The 1910 general elections had left the Liberals as a minority government dependent upon the support of Irish Nationalists. As desired by the Nationalists, Asquith introduced legislation that would give Ireland Home Rule, but the Conservatives and Unionists opposed it. As tempers rose over the Home Rule Bill, which would never have been possible without the Parliament Act, relations between the elderly Knollys and the Conservatives became poor, and he was nudged into retirement. Desperate to avoid the prospect of Civil War in Ireland between Unionists and Nationalists, George called a meeting of all parties at Buckingham Palace in July 1914 in an attempt to negotiate a settlement. After four days the conference ended without an agreement. On September 18, 1914 the King – having considered vetoing the legislation – gave his assent to the Home Rule Bill after it had been passed by Westminster, but its implementation was postponed by a Suspensory Act due to the outbreak of the First World War.
First World War
From 1914 to 1918, Britain was at war with Germany. The German Kaiser Wilhelm II, who for the British public came to symbolize all the horrors of the war, was the King's first cousin. The King's paternal grandfather was Prince Albert of Saxe-Coburg and Gotha; consequently, the King and his children bore the titles Prince and Princess of Saxe-Coburg and Gotha and Duke and Duchess of Saxony. Queen Mary, although British like her mother, was the daughter of the Duke of Teck, a descendant of the German Dukes of Württemberg. The King had brothers-in-law and cousins who were British subjects but who bore German titles such as Duke and Duchess of Teck, Prince and Princess of Battenberg, and Prince and Princess of Schleswig-Holstein. When H. G. Wells wrote about Britain's "alien and uninspiring court", George famously replied: "I may be uninspiring, but I'll be damned if I'm alien."
On July 17, 1917 George appeased British nationalist feelings by issuing a royal proclamation that changed the name of the British royal house from the German-sounding House of Saxe-Coburg and Gotha to the House of Windsor. He and all his British relatives relinquished their German titles and styles, and adopted British-sounding surnames. George compensated his male relatives by creating them British peers. His cousin, Prince Louis of Battenberg, who earlier in the war had been forced to resign as First Sea Lord through anti-German feeling, became Louis Mountbatten, 1st Marquess of Milford Haven, while Queen Mary's brothers became Adolphus Cambridge, 1st Marquess of Cambridge, and Alexander Cambridge, 1st Earl of Athlone. George's cousins Princess Marie Louise and Princess Helena Victoria of Schleswig-Holstein dropped their territorial designations.
In Letters Patent gazetted on December 11, 1917 the King restricted the style "His (or Her) Royal Highness" and the titular dignity of "Prince (or Princess) of Great Britain and Ireland" to the children of the Sovereign, the children of the sons of the Sovereign and the eldest living son of the eldest living son of a Prince of Wales. The Letters Patent also stated that "the titles of Royal Highness, Highness or Serene Highness, and the titular dignity of Prince and Princess shall cease except those titles already granted and remaining unrevoked". Relatives of the British Royal Family who fought on the German side, such as Prince Ernst August of Hanover, 3rd Duke of Cumberland and Teviotdale (the senior male-line great-grandson of George III) and Prince Carl Eduard, Duke of Albany and reigning Duke of Saxe-Coburg and Gotha (a male-line grandson of Queen Victoria), were cut off; their British peerages were suspended by a 1919 Order in Council under the provisions of the Titles Deprivation Act 1917. Under pressure from his mother, Queen Alexandra, George also removed the Garter flags of his German relations from St George's Chapel, Windsor Castle.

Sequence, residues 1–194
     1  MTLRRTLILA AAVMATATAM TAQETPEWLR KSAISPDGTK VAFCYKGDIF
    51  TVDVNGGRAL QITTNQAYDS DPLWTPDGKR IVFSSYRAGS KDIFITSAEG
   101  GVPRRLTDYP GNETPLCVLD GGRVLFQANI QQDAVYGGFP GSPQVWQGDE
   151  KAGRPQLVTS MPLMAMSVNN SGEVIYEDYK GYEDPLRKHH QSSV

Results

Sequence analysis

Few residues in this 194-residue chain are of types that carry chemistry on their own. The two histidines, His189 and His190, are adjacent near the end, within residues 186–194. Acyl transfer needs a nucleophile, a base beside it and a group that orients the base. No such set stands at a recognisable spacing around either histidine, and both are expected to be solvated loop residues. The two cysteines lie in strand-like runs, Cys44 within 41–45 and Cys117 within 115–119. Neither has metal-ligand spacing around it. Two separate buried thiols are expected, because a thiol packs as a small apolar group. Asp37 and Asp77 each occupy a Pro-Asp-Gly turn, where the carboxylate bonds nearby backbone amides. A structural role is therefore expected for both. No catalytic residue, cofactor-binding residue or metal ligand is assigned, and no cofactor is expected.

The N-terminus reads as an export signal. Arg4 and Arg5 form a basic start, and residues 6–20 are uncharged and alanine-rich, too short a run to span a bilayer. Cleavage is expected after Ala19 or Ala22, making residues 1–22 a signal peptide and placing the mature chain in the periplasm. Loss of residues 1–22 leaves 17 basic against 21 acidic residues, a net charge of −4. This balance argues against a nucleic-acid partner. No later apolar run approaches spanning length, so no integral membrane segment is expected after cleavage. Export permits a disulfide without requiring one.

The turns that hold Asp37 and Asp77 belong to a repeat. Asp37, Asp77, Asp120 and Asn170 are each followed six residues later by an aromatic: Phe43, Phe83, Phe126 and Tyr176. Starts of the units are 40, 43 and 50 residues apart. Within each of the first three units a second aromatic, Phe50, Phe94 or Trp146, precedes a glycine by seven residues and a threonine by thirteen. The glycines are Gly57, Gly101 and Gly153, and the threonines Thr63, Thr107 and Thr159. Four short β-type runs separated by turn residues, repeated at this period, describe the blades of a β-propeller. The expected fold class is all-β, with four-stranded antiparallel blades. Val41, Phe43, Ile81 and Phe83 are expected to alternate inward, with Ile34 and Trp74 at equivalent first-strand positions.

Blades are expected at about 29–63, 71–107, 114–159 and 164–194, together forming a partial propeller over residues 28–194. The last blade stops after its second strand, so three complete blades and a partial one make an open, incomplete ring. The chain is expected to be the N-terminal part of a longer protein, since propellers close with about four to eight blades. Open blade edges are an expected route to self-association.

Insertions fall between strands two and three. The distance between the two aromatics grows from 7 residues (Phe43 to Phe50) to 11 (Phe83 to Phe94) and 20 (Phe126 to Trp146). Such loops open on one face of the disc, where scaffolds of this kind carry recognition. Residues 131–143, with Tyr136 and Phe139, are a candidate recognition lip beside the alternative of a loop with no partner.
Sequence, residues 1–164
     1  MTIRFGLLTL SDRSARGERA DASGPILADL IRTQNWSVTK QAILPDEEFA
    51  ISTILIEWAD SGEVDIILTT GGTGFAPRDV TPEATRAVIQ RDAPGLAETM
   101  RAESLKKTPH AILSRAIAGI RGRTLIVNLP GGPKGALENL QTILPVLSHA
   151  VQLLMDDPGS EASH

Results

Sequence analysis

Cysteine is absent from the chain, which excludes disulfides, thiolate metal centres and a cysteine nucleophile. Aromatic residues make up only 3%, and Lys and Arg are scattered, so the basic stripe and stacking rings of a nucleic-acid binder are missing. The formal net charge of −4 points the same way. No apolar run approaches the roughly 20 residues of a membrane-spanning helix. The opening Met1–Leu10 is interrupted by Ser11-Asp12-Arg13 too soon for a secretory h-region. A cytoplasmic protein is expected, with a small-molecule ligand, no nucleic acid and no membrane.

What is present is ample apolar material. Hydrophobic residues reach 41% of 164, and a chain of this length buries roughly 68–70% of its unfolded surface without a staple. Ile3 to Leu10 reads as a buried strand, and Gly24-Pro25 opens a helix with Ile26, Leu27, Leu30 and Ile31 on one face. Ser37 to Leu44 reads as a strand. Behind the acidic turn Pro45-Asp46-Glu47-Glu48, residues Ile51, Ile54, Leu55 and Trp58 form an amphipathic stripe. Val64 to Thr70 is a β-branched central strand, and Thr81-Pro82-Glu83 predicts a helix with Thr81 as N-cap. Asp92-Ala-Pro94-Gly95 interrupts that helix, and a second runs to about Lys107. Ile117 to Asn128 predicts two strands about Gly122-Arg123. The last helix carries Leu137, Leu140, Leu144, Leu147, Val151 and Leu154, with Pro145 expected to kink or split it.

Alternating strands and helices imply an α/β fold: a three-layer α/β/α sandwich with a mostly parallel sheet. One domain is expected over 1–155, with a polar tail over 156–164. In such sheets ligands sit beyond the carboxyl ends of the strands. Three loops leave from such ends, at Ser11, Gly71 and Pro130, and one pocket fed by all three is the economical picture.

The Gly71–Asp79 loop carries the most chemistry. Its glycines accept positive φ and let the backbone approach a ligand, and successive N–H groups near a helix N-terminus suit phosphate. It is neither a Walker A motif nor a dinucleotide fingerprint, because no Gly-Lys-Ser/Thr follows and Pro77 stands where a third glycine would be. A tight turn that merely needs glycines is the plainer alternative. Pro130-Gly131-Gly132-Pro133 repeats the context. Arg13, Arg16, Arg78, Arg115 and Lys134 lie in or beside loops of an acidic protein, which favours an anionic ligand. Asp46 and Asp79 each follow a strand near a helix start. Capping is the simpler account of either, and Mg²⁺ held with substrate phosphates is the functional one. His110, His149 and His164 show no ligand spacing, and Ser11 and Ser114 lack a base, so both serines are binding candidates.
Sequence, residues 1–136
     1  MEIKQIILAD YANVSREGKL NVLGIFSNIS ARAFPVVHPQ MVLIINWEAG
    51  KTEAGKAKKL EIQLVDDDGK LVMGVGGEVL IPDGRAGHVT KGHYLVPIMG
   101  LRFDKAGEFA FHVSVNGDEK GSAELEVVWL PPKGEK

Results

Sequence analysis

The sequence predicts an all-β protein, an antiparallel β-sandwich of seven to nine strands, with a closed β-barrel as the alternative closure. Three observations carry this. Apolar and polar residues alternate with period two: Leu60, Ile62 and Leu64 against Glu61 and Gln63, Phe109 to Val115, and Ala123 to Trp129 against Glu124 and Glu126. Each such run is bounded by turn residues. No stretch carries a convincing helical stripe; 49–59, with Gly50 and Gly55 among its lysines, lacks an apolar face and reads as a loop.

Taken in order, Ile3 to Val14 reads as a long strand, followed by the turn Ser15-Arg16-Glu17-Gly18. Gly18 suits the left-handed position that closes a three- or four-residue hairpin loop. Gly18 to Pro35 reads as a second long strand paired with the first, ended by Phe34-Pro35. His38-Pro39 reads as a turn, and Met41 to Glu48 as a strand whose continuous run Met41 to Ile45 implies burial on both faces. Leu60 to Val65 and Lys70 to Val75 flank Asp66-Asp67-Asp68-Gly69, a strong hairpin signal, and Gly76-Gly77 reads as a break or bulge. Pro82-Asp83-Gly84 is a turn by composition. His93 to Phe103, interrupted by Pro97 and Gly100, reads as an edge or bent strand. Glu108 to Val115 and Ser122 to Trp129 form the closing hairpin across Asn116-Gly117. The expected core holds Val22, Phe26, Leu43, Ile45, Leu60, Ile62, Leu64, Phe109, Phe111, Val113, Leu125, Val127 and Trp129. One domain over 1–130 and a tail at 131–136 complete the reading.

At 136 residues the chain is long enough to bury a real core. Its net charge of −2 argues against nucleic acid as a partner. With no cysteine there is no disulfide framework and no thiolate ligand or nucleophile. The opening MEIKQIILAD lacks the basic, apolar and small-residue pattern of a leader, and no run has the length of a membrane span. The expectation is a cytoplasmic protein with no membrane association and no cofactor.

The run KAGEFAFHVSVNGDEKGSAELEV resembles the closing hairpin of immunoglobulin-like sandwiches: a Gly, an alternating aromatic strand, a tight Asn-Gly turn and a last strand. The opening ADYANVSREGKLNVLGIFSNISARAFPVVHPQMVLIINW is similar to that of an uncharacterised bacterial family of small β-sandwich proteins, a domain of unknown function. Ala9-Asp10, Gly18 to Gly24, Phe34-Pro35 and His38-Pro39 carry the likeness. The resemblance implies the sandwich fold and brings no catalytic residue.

When Tsar Nicholas II of Russia, George's first cousin (their mothers were sisters), was overthrown in the Russian Revolution of 1917, the British government offered asylum to the Tsar and his family, but worsening conditions for the British people, and fears that revolution might come to the British Isles, led George to think that the presence of the Russian royals might seem inappropriate under the circumstances. Despite the later claims of Lord Mountbatten of Burma that Prime Minister Lloyd George was opposed to the rescue of the Russian imperial family, the letters of Lord Stamfordham suggest that it was George V who opposed the rescue against the advice of the government. Advanced planning for a rescue was undertaken by MI1, a branch of the British secret service, but because of the strengthening position of the Bolshevik revolutionaries and wider difficulties with the conduct of the war, the plan was never put into operation. The Tsar and his immediate family remained in Russia, where they were murdered by Bolsheviks in 1918. The following year, Nicholas's mother (George's aunt) Maria Feodorovna (Dagmar of Denmark) and other members of the extended Russian imperial family were rescued from the Crimea by British ships.
Two months after the end of the war, the King's youngest son, John, died at the age of 13 after a lifetime of ill health. George was informed of his death by Queen Mary, who wrote, "[John] had been a great anxiety to us for many years... The first break in the family circle is hard to bear but people have been so kind & sympathetic & this has helped us much."